Thad Jones Archive

Thad Jones, trumpeter, cornetist, bandleader, arranger and composer, was born near Detroit in Pontiac, Michigan on March 28, 1923. He is one of three brothers who have had prominent jazz careers: Hank Jones, the oldest of the three, has had a long career as a master pianist; the youngest, drummer Elvin Jones one of the most influential drummers in the modern era.

After Army service including an association with the U.S. Military School of Music and working with area bands in Des Moines and Oklahoma City, Thad became a member of the Count Basie Orchestra in May 1954. He was featured as a soloist on such well-known tunes as “April in Paris,” “Shiny Stockings” and “Corner Pocket.” However, his main contribution was his nearly two dozen arrangements and compositions for the Basie Orchestra, including “The Deacon,” “H.R.H.” (Her Royal Highness, in honor of the band’s command performance in London), “Counter Block,” and lesser known gems such as “Speaking of Sounds.” His hymn-like ballad “To You” was performed by the Basie band combined with the Duke Ellington Orchestra in their only recording together, and the recording Dance Along With Basie contains nearly an entire album of Jones’ uncredited arrangements of standard tunes.

Jones left the Basie Orchestra in 1963 to become a freelance arranger and studio player in New York. With former Stan Kenton drummer Mel Lewis, he started a once-a-week rehearsal band of leading studio musicians who needed a creative outlet after the long hours of the then-thriving New York studio recording scene. Armed with only a handful of arrangements, they approached Village Vanguard club owner Max Gordon and were booked for three Mondays in February 1966. This first engagement at the legendary jazz club carried on continuously, gained an international reputation for Jones and the ensemble, and made several foreign tours including a historic 1972 Soviet Union trip. During this time, he also collaborated as an arranger in projects with trumpeter Harry James, and a Bessie Smith tribute with vocalist Teresa Brewer.

Upon Thad’s 1978 departure to live in Europe, the band continued as the Mel Lewis Orchestra until Lewis’ death in February 1990, and thrives to this day as the Vanguard Jazz Orchestra, still including several Thad Jones alumni, continuing the extraordinary Monday night tradition into its fifth decade.

Jones resided in Denmark from 1978-1984, writing for the Danish Radio Big Band and leading his own band. He studied composition formally during this period, as well as taking up the valve trombone. In February 1985, he returned to the U.S. to take the leadership of the Basie Orchestra upon his former leader’s death, fronting the Basie band in numerous tours, and writing arrangements for recordings and performances with vocalist Caterina Valente and Manhattan Transfer. He eventually stopped touring completely, and returned to Denmark several months before his death on August 21, 1986.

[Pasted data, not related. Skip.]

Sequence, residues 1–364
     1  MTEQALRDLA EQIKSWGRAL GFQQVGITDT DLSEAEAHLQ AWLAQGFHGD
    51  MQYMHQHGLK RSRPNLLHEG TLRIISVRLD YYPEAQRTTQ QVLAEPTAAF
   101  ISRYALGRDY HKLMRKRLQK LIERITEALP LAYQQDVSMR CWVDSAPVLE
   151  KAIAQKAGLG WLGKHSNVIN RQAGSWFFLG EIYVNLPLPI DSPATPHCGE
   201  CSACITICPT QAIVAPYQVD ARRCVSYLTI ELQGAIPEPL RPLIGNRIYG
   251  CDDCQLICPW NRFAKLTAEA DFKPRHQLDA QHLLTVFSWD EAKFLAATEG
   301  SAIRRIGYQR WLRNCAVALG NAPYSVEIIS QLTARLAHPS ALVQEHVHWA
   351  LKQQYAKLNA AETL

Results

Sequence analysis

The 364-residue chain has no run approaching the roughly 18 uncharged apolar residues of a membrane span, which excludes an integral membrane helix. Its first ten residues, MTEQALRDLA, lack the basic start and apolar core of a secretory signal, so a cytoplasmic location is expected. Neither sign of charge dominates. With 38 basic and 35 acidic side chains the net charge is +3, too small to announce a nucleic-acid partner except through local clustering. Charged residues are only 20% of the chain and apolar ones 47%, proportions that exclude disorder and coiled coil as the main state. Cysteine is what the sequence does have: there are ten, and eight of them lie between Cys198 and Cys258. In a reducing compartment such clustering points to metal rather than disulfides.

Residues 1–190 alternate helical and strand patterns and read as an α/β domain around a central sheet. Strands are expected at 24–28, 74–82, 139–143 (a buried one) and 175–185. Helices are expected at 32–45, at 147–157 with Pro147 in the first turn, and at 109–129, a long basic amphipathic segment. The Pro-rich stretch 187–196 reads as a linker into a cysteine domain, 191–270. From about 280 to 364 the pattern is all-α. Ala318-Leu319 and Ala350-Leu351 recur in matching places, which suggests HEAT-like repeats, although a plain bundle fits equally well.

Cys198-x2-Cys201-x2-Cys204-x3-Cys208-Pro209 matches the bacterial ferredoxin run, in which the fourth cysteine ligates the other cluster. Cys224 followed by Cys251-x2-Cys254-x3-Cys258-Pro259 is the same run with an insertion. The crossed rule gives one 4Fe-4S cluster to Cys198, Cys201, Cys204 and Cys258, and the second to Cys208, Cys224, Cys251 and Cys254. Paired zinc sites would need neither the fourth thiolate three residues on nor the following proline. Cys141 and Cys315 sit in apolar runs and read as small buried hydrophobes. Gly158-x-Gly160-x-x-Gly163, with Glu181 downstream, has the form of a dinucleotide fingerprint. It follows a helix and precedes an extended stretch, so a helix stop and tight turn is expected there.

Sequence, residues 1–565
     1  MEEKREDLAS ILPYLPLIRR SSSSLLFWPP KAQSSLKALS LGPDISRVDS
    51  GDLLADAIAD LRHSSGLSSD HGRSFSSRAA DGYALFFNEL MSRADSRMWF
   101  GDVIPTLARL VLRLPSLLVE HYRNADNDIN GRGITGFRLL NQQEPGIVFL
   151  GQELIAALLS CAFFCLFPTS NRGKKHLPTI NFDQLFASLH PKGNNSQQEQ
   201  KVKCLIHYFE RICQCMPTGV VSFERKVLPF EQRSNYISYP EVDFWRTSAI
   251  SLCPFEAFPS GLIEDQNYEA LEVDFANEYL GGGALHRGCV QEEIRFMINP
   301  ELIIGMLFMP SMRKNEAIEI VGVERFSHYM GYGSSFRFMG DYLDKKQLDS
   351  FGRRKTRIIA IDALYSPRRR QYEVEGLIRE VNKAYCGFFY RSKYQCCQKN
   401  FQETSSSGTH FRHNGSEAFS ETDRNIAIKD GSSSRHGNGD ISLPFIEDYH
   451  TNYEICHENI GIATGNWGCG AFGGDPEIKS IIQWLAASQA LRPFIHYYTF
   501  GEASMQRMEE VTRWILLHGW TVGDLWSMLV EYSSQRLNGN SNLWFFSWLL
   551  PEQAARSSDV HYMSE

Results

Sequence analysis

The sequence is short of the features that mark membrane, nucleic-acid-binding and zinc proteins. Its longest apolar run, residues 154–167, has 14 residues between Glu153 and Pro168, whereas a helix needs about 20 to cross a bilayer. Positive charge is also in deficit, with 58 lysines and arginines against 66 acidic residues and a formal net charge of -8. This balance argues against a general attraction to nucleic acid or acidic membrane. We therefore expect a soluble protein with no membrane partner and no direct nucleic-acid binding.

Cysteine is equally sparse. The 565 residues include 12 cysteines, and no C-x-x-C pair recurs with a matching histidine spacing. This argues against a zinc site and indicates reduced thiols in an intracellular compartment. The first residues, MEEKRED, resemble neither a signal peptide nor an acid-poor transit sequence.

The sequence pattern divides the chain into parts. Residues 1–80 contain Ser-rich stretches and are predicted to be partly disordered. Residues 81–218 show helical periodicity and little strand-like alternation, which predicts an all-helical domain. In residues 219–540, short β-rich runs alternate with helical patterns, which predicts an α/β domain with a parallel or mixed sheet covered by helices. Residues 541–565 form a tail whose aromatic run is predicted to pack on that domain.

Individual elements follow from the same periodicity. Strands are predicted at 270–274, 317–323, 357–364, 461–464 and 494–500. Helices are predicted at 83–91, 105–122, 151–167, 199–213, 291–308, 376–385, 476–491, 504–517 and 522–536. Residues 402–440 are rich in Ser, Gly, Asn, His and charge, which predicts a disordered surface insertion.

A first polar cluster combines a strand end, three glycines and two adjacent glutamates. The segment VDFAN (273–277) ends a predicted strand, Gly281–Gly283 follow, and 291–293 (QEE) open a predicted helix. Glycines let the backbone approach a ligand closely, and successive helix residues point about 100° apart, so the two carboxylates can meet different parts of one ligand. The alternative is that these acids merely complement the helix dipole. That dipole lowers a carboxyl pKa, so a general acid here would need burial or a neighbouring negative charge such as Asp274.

Jones’ playing was overshadowed by his reputation as a composer and arranger, but the two were inextricably connected. Charles Mingus described Thad as “the greatest trumpeter that I’ve heard in this life” giving an idea of his imaginative style and virtuosity. While with Basie, Jones appeared on several records under his own name and with Mingus, Coleman Hawkins, Phil Woods, Quincy Jones, and Five By Monk by Five with Thelonious Monk. The collaborative album Keeping Up with the Joneses features the three brothers – Thad, Hank and Elvin – along with Basie bassist Eddie Jones, who was unrelated; this four-Jones recording provided the title for Thad’s famous tune “Three and One” that became a well-known big band arrangement later. Other Thad big band pieces also developed in this way, including Mean What You Say, the title song of a quintet recording he co-led with Pepper Adams.

Thad’s improvisations in these small groups feature a rhythmic adeptness and an ingenious thematic coherence that are hallmarks of his arrangements. His increasingly inventive charts for Basie were in many cases precursors of the famous compositions he created for the Thad Jones-Mel Lewis Orchestra that have become standard big band repertoire internationally. His works possess multi-leveled qualities that are in common with all great music: they have a challenging harmonic complexity combined with an earthy, bluesy foundation that provides a vehicle for the great soloists who passed through the band. The band was, and still remains the embodiment of a “small group with 16 members.” Thad’s huge onstage presence and his high-energy conducting style urged his players to give their all as an ensemble and as soloists.

Thad Jones accepted a teaching position on the William Paterson campus in 1972, one of the earliest instances of a prominent jazz musician being offered a full-time professorship. He conducted the big band, taught arranging and other classes until his departure for Denmark. His presence, and the people he drew here created the impetus for the establishment of the international reputation of the Jazz Studies Program. He was awarded an honorary Doctorate of Humane Letters from William Paterson University in May 1978.

The Thad Jones Archive contains:

  • Original pencil scores and parts of the Thad Jones – Mel Lewis Orchestra
  • Original pencil scores written by Thad Jones for the Count Basie Orchestra as early as 1958, and for other recording and tour projects
  • Thad Jones’ honorary doctorate from William Paterson, presented to him in May 1978
  • Historic photographic images of Thad Jones career and life

The Thad Jones Online Archive: